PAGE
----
By Van Arnold
University of Southern Mississippi
Acclaimed Australian field hockey standout Tristan Clemons officially retired from the sport he cherished in 2018. Or so he thought.
Clemons, Assistant Professor in the School of Polymer Science and Engineering at The University of Southern Mississippi, has returned to the game in a major way, preparing to make his debut for the USA Field Hockey Team in June at the Pan American Hockey 5’s World Cup Qualifier.
Clemons joined the USM faculty in the fall of 2021. His research focusses on the development of polymeric materials for drug delivery and regenerative medicine applications. Whether conducting research in his lab on the Hattiesburg campus or defending the goal for his U.S. teammates, Clemons approaches both with vigor.
“I am really excited about the opportunity and grateful for the support from Southern Miss so far to allow me to chase this dream,” said Clemons. “2023 is an exciting year for the Wolves (the U.S. Men’s Field Hockey Team) with the Hockey 5’s qualifying event in Jamaica in June, and then focus shifting toward the Pan American Games in Santiago later this year as our Olympic qualifying event.”
Clemons, originally from Bunbury, a small town in western Australia, had an extensive playing career with the Australian Men’s National team, representing his country on 51 occasions as their goalkeeper. He played in a several major tournaments around the world all the while combining his athletic talents with research ambitions that led to completion of his PhD and post-doctoral research.
In 2018 Clemons retired from hockey to pursue a fellowship opportunity in the United States within the School of Chemistry at Northwestern University in Evanston, IL, before moving to Hattiesburg in 2021 as a faculty member at USM.
“To be honest, when I retired from the Kookaburras in 2018, I thought my playing days were behind me, but last year I was out in California and I had a meeting with the coach just to simply express my interest in helping the team out with some specialist goalkeeper coaching,” said Clemons.
He added, “as I am a dual citizen with the United States (Clemons’ dad grew up in Michigan) I became eligible to play for the U.S. after sitting out from international competition for a period of four years, and so coach Harendra Singh said that he didn’t want me to coach; he wanted me to play! It was that conversation that essentially planted the seed that maybe there was an opportunity here for me. Fast forward 12 months. and I am at a training camp in Chula Vista (California) with the team and now staring down my debut with the U.S. Team – really exciting.”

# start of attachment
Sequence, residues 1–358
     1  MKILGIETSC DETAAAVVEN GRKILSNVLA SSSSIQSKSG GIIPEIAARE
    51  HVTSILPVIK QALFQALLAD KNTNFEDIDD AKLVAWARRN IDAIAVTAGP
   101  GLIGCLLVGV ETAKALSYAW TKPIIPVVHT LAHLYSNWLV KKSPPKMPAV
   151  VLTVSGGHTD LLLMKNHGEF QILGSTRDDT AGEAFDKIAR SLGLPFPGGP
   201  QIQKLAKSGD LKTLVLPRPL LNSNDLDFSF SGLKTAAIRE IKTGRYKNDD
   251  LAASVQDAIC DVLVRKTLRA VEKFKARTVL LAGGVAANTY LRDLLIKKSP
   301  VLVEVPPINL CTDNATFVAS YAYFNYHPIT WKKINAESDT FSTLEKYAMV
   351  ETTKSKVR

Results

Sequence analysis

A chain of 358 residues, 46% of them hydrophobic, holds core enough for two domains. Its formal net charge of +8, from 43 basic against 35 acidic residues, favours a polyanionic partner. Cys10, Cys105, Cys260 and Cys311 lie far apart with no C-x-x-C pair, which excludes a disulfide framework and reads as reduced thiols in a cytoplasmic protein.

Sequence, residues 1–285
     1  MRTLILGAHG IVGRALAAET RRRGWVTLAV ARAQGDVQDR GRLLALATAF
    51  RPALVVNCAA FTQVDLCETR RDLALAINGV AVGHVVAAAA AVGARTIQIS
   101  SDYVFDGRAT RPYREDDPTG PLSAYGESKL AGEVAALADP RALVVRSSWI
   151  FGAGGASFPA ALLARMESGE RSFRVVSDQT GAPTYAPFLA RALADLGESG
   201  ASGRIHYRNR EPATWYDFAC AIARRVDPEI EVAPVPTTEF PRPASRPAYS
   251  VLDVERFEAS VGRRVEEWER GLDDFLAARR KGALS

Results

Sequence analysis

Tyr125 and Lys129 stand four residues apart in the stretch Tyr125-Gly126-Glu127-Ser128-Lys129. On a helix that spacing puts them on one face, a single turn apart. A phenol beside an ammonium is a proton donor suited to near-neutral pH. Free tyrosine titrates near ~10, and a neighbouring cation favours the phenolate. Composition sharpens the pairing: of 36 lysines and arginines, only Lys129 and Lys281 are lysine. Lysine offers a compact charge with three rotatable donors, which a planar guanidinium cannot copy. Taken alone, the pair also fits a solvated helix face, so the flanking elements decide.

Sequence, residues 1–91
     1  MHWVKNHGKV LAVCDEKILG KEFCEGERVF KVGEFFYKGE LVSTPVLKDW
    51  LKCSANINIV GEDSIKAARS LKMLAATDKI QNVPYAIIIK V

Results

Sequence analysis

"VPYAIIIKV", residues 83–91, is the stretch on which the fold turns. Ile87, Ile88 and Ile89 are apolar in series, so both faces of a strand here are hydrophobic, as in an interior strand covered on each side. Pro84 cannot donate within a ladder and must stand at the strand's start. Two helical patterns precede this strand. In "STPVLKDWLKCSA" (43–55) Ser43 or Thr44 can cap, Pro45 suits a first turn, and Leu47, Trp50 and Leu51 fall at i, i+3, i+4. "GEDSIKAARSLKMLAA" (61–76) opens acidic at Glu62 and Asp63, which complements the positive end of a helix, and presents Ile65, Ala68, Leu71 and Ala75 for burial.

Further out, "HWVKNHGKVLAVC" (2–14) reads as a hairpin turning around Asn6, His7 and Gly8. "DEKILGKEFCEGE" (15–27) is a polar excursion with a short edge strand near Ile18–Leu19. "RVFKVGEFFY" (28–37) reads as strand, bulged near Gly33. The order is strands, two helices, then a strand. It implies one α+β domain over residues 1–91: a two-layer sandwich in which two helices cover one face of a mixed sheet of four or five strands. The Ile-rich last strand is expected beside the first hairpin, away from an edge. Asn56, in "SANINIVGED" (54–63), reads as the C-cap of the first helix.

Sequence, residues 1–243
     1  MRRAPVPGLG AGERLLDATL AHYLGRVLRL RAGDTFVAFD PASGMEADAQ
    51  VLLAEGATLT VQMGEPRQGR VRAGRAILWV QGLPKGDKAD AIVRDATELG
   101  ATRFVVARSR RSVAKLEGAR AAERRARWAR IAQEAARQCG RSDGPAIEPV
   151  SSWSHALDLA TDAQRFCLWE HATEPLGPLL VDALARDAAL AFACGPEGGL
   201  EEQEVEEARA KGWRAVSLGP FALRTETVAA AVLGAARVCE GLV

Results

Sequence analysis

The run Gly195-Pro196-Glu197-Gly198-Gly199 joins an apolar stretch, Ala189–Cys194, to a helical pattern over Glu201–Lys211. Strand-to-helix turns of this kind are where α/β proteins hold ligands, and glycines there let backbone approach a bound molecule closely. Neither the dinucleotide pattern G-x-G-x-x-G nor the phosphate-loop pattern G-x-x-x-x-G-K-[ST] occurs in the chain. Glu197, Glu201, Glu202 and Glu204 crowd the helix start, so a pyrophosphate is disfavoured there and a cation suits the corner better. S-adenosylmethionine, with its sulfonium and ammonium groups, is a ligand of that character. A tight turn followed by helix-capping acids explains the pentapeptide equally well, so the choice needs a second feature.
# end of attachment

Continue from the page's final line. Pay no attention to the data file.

Clemons takes immense pleasure and satisfaction in serving as a goalkeeper for the U.S. squad.
“I love being a goalkeeper. You are the last line of defense, and the team often is relying on you to stand up and be at your best when your best is required in pressure situations,” said Clemons.
Clemons prides himself on being a role model for his research team, the Clemons Lab, and those he teaches at USM.
“I think it’s really important to demonstrate to our students that being a scientist isn’t all about wearing a white coat and tinkering away with chemicals,” he said. “That’s part of it for sure, and I love being a scientist and searching for solutions to diseases and injuries our community faces but I also love being an elite athlete and being that role model to our students that science and sport don’t have to be mutually exclusive from each other is something I am proud of.
He continued: “I think team sport teaches us so much with respect to discipline, resilience, leadership, and teamwork which are all skills which definitely enhance my abilities to be the best version of myself as a research scientist and teacher for our students in my role here at Southern Miss.”
Few colleges or universities below the Mason-Dixon Line offer field hockey programs. Clemons hopes to see that change sooner than later.
“I think field hockey is definitely coming to the southern United States, and I would love to be involved in growing the game here,” he said. “It has great popularity at the club and collegiate level across the rest of the U.S. and definitely around the world, so I am hopeful I can play a role in building that profile some more in Mississippi.”